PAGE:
Wednesday, March 18, 2009

NATIONAL & WORLD NEWS - March 18, 2009

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New York Times
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-Outcry Builds in Washington for Recovery of A.I.G. Bonuses
The bonuses that the American International Group awarded last week were paid to 418 employees and included $33.6 million for 52 people who have left the failed insurance conglomerate, according to the office of the New York attorney general. The company paid the bonuses, including more than $1 million each to 73 people, to almost all of the employees in the financial products unit responsible for creating the exotic derivatives that caused A.I.G.'s near collapse and started the government rescue to avoid a global financial crisis.

-U.S. Weighs Taliban Strike Into Pakistan
President Obama and his national security advisers are considering expanding the American covert war in Pakistan far beyond the unruly tribal areas to strike at a different center of Taliban power in Baluchistan, where top Taliban leaders are orchestrating attacks into southern Afghanistan.

-Madoff's Accountant Is Charged With Securities Fraud
The accountant who provided auditing services to Bernard L. Madoff's investment advisory business for more than a decade, operating out of a tiny storefront office in Rockland County, was charged on Wednesday with securities fraud and aiding investment adviser fraud in connection with Mr. Madoff's vast Ponzi scheme.

-Still Broken
In last year's presidential election, as many as three million registered voters were not allowed to cast ballots and millions more chose not to because of extremely long lines and other frustrating obstacles. Ever since the 2000 election in Florida, the serious flaws in the voting system have been abundantly clear. More than eight years later, Congress must finally deliver on its promise of electoral reform.

-Obama's Real Test
When you hear a sitting U.S. senator call for bankers to commit suicide, you know that the anger level in the country is reaching a "Bonfire of the Vanities," get-out-the-pitchforks danger level. It is dangerous for so many reasons, but most of all because this real anger about A.I.G. could overwhelm the still really difficult but critically important things we must do in the next few weeks to defuse this financial crisis.

-NY: Report Shows Steep Gains by Students From Abroad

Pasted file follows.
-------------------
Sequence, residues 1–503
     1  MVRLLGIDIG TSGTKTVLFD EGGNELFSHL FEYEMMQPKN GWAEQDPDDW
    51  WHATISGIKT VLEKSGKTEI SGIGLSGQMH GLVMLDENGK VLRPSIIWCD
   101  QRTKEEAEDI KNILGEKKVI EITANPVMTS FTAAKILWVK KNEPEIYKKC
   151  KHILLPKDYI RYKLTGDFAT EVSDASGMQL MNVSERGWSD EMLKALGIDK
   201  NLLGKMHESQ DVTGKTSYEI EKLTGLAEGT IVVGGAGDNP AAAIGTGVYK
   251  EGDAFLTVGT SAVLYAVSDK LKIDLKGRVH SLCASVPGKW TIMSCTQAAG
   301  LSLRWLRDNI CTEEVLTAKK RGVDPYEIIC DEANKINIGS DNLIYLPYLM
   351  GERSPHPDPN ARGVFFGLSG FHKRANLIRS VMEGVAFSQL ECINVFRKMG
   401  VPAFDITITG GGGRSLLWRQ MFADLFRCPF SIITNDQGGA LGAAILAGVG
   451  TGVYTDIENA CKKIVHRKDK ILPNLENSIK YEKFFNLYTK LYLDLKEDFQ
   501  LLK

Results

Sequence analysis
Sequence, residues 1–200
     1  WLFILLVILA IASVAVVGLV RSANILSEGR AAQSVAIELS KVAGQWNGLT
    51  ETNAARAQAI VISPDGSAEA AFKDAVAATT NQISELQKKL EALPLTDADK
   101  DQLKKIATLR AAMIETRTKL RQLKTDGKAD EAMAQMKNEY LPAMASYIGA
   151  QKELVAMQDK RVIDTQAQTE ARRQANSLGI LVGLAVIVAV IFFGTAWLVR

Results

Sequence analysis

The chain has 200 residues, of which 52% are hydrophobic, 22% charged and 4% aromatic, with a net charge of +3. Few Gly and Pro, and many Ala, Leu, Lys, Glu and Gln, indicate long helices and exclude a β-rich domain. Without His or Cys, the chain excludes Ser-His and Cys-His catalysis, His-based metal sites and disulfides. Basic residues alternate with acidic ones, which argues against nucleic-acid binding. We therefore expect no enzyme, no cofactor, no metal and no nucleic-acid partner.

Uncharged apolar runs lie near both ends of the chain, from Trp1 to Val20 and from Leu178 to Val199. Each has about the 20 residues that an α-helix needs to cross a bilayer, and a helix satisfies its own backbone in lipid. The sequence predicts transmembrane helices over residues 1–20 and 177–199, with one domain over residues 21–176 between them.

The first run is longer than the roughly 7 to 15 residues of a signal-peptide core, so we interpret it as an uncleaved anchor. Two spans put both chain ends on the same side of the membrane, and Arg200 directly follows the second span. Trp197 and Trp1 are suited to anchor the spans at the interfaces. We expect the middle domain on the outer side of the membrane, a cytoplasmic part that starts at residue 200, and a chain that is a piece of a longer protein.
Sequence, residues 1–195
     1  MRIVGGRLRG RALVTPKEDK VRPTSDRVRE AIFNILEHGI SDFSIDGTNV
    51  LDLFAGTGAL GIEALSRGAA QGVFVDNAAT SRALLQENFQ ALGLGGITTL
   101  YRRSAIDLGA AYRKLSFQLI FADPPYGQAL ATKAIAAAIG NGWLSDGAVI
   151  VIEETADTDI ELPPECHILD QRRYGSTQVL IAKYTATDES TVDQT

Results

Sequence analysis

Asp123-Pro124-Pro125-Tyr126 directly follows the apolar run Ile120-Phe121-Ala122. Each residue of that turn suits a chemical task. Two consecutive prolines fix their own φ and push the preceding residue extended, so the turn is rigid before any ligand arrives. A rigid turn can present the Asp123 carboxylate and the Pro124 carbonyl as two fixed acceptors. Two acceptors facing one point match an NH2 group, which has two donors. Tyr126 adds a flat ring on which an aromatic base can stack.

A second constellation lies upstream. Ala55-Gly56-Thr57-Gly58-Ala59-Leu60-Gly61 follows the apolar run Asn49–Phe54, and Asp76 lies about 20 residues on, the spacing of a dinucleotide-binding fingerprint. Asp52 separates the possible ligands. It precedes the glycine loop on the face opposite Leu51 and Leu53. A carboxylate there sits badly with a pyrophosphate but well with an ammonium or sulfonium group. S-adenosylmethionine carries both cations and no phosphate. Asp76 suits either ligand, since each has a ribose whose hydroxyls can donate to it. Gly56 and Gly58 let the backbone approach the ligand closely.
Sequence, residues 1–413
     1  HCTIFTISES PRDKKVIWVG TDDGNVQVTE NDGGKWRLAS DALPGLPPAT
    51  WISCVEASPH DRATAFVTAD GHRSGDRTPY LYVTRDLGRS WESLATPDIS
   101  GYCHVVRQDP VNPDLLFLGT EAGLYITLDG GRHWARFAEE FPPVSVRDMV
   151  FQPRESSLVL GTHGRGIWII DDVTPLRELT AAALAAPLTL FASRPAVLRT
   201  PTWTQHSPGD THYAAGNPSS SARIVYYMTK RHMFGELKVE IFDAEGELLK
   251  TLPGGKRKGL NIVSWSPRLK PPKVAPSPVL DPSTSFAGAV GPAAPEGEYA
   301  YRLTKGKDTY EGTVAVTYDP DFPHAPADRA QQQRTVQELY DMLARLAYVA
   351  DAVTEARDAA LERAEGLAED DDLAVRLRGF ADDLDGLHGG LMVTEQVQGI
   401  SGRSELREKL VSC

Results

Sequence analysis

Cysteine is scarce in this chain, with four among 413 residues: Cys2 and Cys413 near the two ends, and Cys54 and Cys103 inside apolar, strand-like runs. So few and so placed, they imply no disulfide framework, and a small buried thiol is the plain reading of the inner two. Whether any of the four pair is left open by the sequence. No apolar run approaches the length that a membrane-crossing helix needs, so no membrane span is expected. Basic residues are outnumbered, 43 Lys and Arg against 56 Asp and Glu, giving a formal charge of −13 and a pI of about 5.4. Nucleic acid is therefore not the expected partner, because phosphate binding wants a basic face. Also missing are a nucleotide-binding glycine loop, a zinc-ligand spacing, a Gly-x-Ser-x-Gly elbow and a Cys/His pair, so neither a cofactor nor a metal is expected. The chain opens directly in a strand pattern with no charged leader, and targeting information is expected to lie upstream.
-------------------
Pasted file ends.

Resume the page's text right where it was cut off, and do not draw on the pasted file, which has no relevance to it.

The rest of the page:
Days after it was criticized by lawmakers for failing to make gains with students struggling with English, the city's Department of Education released a report on Tuesday showing that unprecedented numbers of those students became proficient in English last year and that more of them passed state tests in English and math.\

Washington Post
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-US orders diplomats to leave Madagascar
The Associated Press
The State Department on Tuesday ordered all nonessential staff at the U.S. Embassy in Madagascar and the families of all American personnel there to leave the country due to the uncertain security situation after the ouster of the Indian Ocean island's president.

-The Nationalization Option
By Harold Meyerson
You might think that having anted up $173 billion of our own money, we taxpayers would have some leverage at AIG, now that we own 80 percent of the shares. You might think that when chief executive Edward Liddy, a holdover appointee of Hank Paulson's, told Treasury Secretary Tim Geithner that he had just mailed $165 million of our money as bonuses to the geniuses at the firm's financial products unit -- who probably did more on a per-banker basis to destroy global capitalism than any other kindred group -- that Geithner, upon hearing this news, would have responded, "Liddy, you're fired."

-Brake Lights on Iran
From Obama, a Mix of Caution and Confusion
By Michael Gerson
One of the snippiest arguments between Barack Obama and Hillary Clinton during the Democratic primaries concerned negotiations with Iran. Obama impulsively pledged his willingness to meet with the leaders of various outlaw regimes in his first year as president. Clinton countered, "I don't want to be used for propaganda purposes. . . . We're not going to just have our president meet with Fidel Castro and Hugo Chávez and, you know, the president of North Korea, Iran and Syria until we know better what the way forward would be."